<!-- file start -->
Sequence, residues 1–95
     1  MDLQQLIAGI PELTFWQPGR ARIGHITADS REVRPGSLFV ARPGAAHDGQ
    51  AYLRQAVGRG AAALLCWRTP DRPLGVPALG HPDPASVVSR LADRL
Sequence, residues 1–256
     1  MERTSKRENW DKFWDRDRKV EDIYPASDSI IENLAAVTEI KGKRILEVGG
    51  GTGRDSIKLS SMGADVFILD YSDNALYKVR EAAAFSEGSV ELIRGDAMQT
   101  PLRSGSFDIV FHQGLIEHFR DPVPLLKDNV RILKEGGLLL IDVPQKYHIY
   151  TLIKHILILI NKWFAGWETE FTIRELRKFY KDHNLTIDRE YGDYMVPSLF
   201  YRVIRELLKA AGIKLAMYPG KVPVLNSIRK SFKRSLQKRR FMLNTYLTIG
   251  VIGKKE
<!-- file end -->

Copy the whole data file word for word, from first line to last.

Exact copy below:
Sequence, residues 1–95
     1  MDLQQLIAGI PELTFWQPGR ARIGHITADS REVRPGSLFV ARPGAAHDGQ
    51  AYLRQAVGRG AAALLCWRTP DRPLGVPALG HPDPASVVSR LADRL
Sequence, residues 1–256
     1  MERTSKRENW DKFWDRDRKV EDIYPASDSI IENLAAVTEI KGKRILEVGG
    51  GTGRDSIKLS SMGADVFILD YSDNALYKVR EAAAFSEGSV ELIRGDAMQT
   101  PLRSGSFDIV FHQGLIEHFR DPVPLLKDNV RILKEGGLLL IDVPQKYHIY
   151  TLIKHILILI NKWFAGWETE FTIRELRKFY KDHNLTIDRE YGDYMVPSLF
   201  YRVIRELLKA AGIKLAMYPG KVPVLNSIRK SFKRSLQKRR FMLNTYLTIG
   251  VIGKKE